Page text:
Carlo Zecchi: The Complete Cetra Solo Recordings – Carlo Zecchi, piano/ Arrigo Tassinari, flute/ Giaconda da Vito, violin/ E.L.A.R. Symphony Orchestra/ Fernando Previtali – APR 

by | Jun 15, 2018 | Classical CD Reviews, Classical Reissue Reviews

The piano artistry of Italian master Carlo Zecchi finds a resplendent tribute in Obert-Thorn’s meticulous restoration. 

Carlo Zecchi: The Complete Cetra Solo Recordings, works by BACH, SCARLATTI, VIVALDI, CHOPIN, DEBUSSY, SCHUBERT, SCHUMANN, TICCIATI, RAVEL, LISZT, GALILEE – Carlo Zecchi, piano/ Arrigo Tassinari, flute/ Giaconda da Vito, violin/ E.L.A.R. Symphony Orchestra/ Fernando Previtali – APR Recordings APR 6024 (2 CDs), TT: 2 hrs 32 mins (6/1/18) [Distr. by Naxos] *****:

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The name of Roman piano virtuoso Carlo Zecchi (1903-1984) brings to the minds of most auditors the talented conductor who often appeared on records with luminaries such as Clara Haskil.  But Carlo Zecchi’s early fame rested on his apparently flawless pianism; and it may well astound collectors to witness the range of his repertory, given the arsenal of technical demands the various pieces incur. Editor and Restoration Engineer Mark Obert-Thorn has gathered the Cetra label recordings Zecchi made at the peak of solo career, which had been influenced through his brief but potent studies with Ferruccio Busoni in Berlin.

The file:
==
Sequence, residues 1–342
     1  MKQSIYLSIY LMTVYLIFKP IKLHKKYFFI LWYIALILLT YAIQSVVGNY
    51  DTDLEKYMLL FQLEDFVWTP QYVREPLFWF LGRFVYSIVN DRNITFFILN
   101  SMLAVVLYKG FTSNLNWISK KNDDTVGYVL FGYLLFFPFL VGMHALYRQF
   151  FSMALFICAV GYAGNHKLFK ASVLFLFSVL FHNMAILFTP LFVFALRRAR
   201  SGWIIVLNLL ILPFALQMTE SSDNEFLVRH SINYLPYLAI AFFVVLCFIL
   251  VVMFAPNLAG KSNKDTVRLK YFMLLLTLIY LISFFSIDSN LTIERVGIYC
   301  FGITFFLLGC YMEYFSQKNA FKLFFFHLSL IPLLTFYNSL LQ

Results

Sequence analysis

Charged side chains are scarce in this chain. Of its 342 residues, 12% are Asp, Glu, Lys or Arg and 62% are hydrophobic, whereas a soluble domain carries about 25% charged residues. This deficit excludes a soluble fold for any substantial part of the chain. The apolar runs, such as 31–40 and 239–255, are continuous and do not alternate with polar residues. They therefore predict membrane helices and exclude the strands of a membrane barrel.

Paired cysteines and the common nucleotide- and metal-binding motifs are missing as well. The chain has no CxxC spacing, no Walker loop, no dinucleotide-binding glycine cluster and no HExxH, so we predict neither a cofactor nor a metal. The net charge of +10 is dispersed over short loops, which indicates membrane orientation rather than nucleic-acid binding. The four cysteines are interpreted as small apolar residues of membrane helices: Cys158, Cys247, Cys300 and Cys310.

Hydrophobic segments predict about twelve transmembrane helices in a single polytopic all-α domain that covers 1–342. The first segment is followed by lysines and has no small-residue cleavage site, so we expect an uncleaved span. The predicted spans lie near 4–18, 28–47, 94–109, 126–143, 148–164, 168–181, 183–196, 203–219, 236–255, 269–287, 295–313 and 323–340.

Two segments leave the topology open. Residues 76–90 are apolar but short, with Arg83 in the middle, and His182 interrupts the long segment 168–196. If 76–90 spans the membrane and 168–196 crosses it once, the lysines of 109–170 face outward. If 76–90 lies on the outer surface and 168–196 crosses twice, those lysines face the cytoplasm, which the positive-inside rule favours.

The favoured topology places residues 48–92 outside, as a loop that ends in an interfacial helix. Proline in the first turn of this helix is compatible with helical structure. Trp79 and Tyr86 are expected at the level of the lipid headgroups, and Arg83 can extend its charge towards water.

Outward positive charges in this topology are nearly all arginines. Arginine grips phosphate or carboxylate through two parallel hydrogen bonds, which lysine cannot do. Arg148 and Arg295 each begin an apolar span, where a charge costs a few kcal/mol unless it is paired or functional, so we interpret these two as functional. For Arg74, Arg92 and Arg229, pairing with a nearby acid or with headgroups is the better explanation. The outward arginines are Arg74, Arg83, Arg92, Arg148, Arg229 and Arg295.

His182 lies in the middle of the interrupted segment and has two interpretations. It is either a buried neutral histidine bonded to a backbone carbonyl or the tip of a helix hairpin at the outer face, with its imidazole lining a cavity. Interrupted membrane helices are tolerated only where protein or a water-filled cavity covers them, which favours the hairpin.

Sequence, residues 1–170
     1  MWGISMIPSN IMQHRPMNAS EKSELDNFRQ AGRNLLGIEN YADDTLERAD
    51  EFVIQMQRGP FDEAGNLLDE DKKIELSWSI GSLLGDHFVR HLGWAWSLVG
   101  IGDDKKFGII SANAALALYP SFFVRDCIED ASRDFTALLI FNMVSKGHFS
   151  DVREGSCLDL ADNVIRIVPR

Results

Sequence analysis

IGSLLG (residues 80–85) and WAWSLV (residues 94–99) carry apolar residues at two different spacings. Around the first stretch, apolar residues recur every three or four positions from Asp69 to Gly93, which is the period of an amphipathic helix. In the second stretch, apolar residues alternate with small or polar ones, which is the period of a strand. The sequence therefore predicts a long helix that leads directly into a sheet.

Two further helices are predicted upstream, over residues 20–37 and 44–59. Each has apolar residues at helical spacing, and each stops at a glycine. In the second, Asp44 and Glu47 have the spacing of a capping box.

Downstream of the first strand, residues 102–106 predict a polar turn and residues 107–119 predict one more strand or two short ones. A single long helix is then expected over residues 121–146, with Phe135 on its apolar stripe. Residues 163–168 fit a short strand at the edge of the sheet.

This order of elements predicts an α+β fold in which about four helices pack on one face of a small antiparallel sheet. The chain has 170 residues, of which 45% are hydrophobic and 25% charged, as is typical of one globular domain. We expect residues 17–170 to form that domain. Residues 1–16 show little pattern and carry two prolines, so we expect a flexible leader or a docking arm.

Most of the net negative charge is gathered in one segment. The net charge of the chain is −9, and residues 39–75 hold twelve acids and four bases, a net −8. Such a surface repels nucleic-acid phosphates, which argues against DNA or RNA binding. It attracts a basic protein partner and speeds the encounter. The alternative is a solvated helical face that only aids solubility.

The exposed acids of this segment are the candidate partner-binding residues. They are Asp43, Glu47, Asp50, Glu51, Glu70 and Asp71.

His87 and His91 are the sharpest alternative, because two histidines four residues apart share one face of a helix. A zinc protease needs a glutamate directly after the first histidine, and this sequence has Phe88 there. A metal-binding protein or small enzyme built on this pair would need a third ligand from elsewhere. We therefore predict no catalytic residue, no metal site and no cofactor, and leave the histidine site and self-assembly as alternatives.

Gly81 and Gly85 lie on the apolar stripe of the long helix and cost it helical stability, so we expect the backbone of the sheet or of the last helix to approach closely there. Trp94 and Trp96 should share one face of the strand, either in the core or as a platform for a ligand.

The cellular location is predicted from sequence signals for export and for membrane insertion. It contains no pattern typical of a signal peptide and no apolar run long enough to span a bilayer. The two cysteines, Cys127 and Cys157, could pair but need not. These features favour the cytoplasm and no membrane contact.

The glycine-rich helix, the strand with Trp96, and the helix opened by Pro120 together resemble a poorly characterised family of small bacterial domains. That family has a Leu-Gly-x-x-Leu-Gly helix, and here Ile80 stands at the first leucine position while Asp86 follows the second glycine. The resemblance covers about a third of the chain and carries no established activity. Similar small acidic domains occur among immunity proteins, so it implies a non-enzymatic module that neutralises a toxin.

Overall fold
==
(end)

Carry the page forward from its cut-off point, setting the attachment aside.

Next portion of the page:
The set opens with Zecchi’s “concession” to ancient music, with two transcriptions by Ottorino Respighi of “Ancient Airs and Dances,” a Gagliarda and Siciliana (4 May 1937), played with lyrical fervor. The solidity of Zecchi’s technique and color capacity informs every bar of his ensuing four sonatas (2, 4 May 1937) by Domenico Scarlatti, of which the lithe C Major, K. 159 enjoys quicksilver figures and wonderful shape. No less diaphanous and fleet, the Bach transcription of Vivaldi’s G Major Concerto (2 May 1937) should enthrall all who delight in digital aerobics. The Brandenburg Concerto No. 5 in D Major from Turin 1938 follows two short works of varied temper, the pearly F-sharp Major Prelude and Fugue (from WTC I) and the meditative chorale transcribed by Max Reger, Ich ruf’ zu dir, Herr Jesu Christ, here (25 October 1942) transposed from its usual F minor into a more chromatic F-sharp minor. In the Brandenburg Concerto, Zecchi finds able assistance in the gracious flute part from Arrigo Tassinari and in the violin part from the esteemed virtuoso Giaconda da Vito (1907-1994) who found favor with Wilhelm Furtwaengler in his Italian tours. The ease and fluidity of performance finds Zecchi’s keyboard unobtrusive and restrained; but by degrees, in the first movement Allegro the keyboard cadenza arises naturally and luminously triumphant, much in the manner of Edwin Fischer. A stately, noble Adagio affetuoso allows us to savor Tassinari’s flute in tandem with da Vito, while the concluding Allegro delights in the spirit of the (canonic) dance in the form of an orchestrated trio-sonata.The often under-rated conductor Fernando Previtali (1907-1985) leads a responsive chamber ensemble.